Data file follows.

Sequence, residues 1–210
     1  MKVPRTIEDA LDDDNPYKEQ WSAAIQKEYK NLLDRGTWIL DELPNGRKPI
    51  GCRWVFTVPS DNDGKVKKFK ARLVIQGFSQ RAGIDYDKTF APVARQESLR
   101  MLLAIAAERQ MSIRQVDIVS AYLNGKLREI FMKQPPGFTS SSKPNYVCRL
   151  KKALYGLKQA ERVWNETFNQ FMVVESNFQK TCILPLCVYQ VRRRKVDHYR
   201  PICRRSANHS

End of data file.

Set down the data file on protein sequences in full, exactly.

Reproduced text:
Sequence, residues 1–210
     1  MKVPRTIEDA LDDDNPYKEQ WSAAIQKEYK NLLDRGTWIL DELPNGRKPI
    51  GCRWVFTVPS DNDGKVKKFK ARLVIQGFSQ RAGIDYDKTF APVARQESLR
   101  MLLAIAAERQ MSIRQVDIVS AYLNGKLREI FMKQPPGFTS SSKPNYVCRL
   151  KKALYGLKQA ERVWNETFNQ FMVVESNFQK TCILPLCVYQ VRRRKVDHYR
   201  PICRRSANHS